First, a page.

The majority of our audio comes from the Interfaith Conference On Drone Warfare, by the Peace Action Education Fund held at the Princeton Theological Seminary at the end of January 2015. Our first speaker, Elizabeth Beavers, reviews the basic legal groundwork for assassination by drone - the "Authorization for Use of Military Force" (AUMF), an extremely general law passed a few days after 9-11 which has been used worldwide as a legal pretext for US military involvement. She summarizes the impact of the the AUMF by observing that not only is this used as justification for Guantanamo Bay, it "has essentially turned the globe into a battlefield; it's very easy for the executive to bypass the legislature and decide to go to war, to use lethal force, to use military force against individuals and organization, and this a very novel concept". A DC judge wrote in 2013 that decisions justified under the AUMF have rendered habeus corpus "functionally useless".
Next we hear from Rush Holt, a former U.S. Representative who has taken a special interest in assassination by drone, who concludes that it is of central importance to abandon the language of a "war on terror" and instead apply a criminal justice basis to the area of terrorism.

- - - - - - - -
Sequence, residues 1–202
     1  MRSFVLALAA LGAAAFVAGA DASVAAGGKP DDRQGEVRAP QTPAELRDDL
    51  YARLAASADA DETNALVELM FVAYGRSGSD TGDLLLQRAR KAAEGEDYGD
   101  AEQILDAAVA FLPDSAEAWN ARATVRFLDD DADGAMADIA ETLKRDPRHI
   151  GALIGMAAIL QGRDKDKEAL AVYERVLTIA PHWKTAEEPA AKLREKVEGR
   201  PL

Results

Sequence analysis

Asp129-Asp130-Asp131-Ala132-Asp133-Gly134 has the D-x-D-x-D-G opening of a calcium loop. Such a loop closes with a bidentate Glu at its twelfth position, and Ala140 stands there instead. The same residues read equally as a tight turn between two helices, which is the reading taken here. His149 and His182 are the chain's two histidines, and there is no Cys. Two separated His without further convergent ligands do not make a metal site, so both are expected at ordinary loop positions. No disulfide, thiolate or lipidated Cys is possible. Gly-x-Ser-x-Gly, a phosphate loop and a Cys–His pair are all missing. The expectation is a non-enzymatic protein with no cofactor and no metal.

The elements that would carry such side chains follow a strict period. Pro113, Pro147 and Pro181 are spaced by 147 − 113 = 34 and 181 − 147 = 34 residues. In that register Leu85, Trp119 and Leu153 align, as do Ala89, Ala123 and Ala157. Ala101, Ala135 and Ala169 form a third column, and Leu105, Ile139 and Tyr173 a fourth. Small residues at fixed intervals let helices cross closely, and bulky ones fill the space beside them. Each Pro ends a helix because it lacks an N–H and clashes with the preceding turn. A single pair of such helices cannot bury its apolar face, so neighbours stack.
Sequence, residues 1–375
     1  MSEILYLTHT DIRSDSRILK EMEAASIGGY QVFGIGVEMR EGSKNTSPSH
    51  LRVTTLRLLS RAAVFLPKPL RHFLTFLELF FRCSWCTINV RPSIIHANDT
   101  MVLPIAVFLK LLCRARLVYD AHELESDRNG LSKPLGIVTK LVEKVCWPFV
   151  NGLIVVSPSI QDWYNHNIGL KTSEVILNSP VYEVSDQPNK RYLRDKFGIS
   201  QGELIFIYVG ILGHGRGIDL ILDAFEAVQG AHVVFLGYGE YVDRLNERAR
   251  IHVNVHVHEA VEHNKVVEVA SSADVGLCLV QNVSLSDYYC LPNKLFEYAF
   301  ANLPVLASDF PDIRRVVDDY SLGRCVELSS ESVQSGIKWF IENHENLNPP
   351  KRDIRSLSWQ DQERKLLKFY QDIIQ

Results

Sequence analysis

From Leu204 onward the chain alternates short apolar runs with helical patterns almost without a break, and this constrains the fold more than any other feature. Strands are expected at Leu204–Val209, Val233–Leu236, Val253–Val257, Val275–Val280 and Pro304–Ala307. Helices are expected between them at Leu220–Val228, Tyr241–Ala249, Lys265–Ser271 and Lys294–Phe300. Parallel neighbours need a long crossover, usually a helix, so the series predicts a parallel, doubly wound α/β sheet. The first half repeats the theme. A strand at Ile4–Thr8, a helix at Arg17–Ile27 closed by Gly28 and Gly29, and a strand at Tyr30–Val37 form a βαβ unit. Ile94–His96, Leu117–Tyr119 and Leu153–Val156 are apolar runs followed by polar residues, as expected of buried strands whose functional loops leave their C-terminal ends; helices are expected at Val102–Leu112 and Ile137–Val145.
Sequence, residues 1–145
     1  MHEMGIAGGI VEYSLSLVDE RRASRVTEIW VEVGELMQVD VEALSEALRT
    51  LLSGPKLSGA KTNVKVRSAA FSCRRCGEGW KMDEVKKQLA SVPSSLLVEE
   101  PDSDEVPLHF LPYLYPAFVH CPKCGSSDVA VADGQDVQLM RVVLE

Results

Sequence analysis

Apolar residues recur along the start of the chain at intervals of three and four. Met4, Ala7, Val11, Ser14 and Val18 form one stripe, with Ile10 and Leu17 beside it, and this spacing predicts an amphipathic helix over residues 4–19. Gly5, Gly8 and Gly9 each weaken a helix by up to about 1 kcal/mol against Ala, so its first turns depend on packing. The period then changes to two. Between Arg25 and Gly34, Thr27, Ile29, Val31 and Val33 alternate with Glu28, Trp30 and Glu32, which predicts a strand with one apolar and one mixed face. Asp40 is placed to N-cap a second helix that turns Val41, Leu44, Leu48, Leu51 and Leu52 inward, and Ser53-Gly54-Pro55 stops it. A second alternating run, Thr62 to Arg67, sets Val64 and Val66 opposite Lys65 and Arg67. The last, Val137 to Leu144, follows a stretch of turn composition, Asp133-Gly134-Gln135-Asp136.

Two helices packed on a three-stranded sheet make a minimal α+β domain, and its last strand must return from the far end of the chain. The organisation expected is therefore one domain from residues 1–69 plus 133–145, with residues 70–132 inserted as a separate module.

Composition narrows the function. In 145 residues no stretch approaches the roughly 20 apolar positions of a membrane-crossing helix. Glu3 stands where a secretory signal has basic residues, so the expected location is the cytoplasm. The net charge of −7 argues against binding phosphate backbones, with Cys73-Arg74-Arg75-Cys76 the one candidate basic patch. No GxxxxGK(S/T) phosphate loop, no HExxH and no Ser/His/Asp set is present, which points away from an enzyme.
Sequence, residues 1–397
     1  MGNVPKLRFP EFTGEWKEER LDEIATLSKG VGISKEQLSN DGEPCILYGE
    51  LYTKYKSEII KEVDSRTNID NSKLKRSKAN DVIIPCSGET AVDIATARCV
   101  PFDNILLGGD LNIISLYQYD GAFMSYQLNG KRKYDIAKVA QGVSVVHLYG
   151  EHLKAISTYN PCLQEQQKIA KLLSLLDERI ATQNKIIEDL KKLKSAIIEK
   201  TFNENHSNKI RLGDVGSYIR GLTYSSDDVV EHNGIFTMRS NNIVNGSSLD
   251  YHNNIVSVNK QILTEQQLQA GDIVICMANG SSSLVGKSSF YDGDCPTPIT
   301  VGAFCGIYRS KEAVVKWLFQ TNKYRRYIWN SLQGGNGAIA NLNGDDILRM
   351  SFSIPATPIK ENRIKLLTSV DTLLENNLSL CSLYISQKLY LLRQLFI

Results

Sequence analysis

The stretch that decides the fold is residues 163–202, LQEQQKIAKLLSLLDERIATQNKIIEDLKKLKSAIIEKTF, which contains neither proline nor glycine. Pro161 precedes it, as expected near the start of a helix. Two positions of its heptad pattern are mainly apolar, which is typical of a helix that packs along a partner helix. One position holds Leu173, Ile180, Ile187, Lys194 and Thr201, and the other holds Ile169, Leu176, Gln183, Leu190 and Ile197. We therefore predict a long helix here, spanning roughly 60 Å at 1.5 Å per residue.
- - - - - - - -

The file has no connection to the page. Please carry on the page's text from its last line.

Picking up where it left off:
The International Legal Director of Human Rights First, Gabor Rona, reviews the issue of the legality of assassination by drone. There are two major international legal frameworks which pertain to killing of people with drones, the law of armed conflict and the human rights statutes. Although neither has anything per se to say about kill lists or 'signature strikes', they both limit the grounds which legalize killings. The US is operating in a legal "gray area" and remains vague about the legal justification of its drone strikes in order to avoid the need to adhere to these legal limitations.
We conclude with Wendy Patten, who looks at the US government's use of drones, specifically the policies which guide it. She begins by describing what is currently known of a May 2013 presidential policy guidance (PPG), which purports to constrain use of drones. Only a 2 page 'fact sheet' of this has currently been declassified. Then she looks at what has emerged from the efforts to use litigation as regards drone usage.
Music: In Search of Enemies by Clan Dyken